- Hinkley Point C nuclear power station – Local authorities
- Wylva nuclear power station – Local authority
- Keuper underground gas storage – Local Authority
- Trunk road alteration – Local authority.
Enforcement / Lawful use:
- Gypsy and Traveller sites (as above)
- Lawful use by ‘10 year rule’ and commencement of development authorised by planning permission.
- Development in breach of condition (including ‘conditions precedent’)
- Judicial Review of grants of planning permission on grounds including: inadequate consultation, procedural unfairness, defects in EIA process (screening, scoping, content of ES), failure to identify and apply policies in the development plan, failure to consider material considerations, legality of conditions, defects in planning obligation procedure and content, adequacy of ‘summary reasons’ for the grant.
- Judicial review of designation of conservation areas and listing of buildings.
- Injunctions – particularly relating to gypsies and travellers including those in the green belt; non-compliance with enforcement notices; breach of planning conditions.
- Applications under s288 and s289 TCPA to quash appeal decisions relating to development management, lawful use and enforcement.
- Applications under s113 to quash DPDs (or parts thereof).
- City centre regeneration in Birmingham – objector
- Urban regeneration in Northampton – objector
- Urban ring road in the Midlands – promoter
- Large regeneration project in the South West – promoter
- Town Centre regeneration in the Midlands – objectors
- Road schemes in Staffordshire - promoter
- Definitive Map modification
- Town / Village Green registration
- School Governance and Admissions
He has been consistently recommended for Planning work in the Chambers UK Guide to the Legal Profession:
“He gives clear and pragmatic advice about solutions.” “Very approachable and easy to deal with.”
Chambers UK 2019
“A steadfast cross-examiner.”
Legal 500 2019
Has wide-ranging planning experience, which includes handling High Court litigation and public inquiry work. He acts for both local authorities and developers. He is noted for his adept handling of infrastructure and energy matters, with particular expertise in nuclear projects. He also regularly handles planning matters pertaining to residential development. “He has got a good knowledge of the city and of local plan review, and a very good rapport with clients. The quality of advice and speed of response is very good. His manner easily gets the confidence of the client.” “A forceful advocate who looks after clients’ interests very effectively.”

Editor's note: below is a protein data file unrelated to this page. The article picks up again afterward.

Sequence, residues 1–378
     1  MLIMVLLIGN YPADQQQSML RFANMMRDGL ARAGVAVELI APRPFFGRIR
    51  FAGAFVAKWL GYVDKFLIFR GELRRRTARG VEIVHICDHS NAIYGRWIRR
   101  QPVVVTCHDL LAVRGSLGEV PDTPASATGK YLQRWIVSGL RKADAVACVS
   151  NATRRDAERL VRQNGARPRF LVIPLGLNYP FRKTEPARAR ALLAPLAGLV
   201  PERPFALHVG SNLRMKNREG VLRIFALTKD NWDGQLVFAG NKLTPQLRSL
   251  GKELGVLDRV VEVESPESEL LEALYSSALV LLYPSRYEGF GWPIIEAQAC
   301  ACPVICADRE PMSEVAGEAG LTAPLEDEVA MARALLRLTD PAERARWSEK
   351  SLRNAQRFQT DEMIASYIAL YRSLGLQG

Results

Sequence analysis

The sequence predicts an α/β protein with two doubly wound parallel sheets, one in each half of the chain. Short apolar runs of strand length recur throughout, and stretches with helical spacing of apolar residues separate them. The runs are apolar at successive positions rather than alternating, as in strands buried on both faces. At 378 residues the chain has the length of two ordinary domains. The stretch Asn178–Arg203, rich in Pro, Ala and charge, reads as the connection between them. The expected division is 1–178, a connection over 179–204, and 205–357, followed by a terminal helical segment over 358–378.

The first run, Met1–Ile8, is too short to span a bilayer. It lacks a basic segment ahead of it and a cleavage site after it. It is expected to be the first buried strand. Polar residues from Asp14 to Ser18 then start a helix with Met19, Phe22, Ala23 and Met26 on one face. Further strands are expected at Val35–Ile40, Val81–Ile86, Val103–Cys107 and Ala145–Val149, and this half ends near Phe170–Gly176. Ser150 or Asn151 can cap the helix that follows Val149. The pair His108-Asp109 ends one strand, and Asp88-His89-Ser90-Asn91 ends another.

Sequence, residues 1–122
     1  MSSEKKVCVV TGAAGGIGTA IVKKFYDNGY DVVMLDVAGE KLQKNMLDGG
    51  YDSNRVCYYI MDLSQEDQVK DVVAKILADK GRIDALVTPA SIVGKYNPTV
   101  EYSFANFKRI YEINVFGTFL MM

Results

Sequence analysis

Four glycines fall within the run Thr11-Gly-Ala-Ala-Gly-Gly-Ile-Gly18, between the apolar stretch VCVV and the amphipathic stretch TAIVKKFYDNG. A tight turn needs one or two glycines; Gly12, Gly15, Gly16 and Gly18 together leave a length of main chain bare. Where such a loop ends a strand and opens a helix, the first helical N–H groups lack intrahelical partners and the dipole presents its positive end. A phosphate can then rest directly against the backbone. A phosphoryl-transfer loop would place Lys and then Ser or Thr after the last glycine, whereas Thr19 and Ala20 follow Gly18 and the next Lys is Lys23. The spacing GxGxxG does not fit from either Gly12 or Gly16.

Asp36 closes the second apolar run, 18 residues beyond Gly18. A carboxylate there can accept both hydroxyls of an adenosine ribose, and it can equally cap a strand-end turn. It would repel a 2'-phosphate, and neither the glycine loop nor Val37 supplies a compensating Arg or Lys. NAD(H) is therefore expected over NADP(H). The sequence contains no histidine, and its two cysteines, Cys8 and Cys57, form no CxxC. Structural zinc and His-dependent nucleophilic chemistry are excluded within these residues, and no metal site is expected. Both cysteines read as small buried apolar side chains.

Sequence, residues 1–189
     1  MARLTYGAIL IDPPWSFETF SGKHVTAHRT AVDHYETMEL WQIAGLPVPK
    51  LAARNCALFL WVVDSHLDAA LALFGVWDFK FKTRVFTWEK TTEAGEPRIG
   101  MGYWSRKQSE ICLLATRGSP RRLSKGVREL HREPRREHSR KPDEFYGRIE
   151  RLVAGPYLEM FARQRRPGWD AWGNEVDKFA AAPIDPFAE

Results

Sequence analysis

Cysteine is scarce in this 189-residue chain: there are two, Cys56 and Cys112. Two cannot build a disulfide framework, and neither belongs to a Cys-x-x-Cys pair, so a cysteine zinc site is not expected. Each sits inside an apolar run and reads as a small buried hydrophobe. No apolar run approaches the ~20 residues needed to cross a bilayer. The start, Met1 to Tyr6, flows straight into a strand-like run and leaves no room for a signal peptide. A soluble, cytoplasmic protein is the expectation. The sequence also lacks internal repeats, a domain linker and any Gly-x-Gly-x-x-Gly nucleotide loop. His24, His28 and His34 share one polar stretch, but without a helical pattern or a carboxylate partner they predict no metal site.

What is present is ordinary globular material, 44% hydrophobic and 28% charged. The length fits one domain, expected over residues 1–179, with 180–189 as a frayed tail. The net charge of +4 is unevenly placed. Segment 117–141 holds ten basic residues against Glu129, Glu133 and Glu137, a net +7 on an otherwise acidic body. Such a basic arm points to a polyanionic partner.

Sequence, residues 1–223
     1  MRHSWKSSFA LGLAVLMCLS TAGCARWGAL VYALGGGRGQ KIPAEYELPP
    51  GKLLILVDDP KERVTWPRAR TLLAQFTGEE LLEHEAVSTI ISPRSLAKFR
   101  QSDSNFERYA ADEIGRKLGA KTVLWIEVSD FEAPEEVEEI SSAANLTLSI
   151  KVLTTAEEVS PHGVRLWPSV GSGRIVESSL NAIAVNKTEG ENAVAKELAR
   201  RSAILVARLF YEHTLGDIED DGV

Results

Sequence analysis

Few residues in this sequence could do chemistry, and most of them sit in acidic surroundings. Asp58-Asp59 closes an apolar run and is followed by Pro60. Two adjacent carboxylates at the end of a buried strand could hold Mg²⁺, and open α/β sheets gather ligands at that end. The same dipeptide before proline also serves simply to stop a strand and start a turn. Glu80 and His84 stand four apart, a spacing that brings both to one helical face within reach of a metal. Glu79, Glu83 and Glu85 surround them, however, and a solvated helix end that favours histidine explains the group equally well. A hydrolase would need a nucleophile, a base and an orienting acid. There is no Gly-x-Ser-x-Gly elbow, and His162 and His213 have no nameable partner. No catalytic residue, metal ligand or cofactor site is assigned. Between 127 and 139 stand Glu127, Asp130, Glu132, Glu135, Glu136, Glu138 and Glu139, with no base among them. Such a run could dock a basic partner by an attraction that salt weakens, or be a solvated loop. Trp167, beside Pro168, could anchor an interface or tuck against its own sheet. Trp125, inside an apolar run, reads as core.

Chambers UK 2018
“He inspires confidence in his team and he will get right to the point in a case and get it across nicely and firmly. He just inspires confidence.” “He is a forceful advocate and looks after his clients’ interests very effectively.”
Chambers UK 2017
Commended by sources for his wide-ranging experience acting for all sides on planning matters. His instructions involve energy and infrastructure, waste and housing matters. “He is a committed advocate who is very good at talking things through. He gets into his cases, and often looks at things from different angles.” “He acts with character: he is engaging, and it is stimulating to work with him. He will up the tempo in an inquiry. A very astute, experienced player.”
Chambers UK 2016
NICOLA SQUIRE (Claimant) v SHROPSHIRE COUNCIL (Defendant) and MATTHEW J BOWER (Interested Party)
The court upheld a local authority’s grant of planning permission to a farmer to build premises for the intensive rearing of poultry on his farm and to spread the poultry manure as a fertiliser on his agricultural land. It was clear that the planning committee had properly assessed both the on-site and off-site effects of the proposed development, including the Environment Agency’s power to control the impact on residential amenity of dust and odour from the manure spreading.  EWHC 1730 (Admin)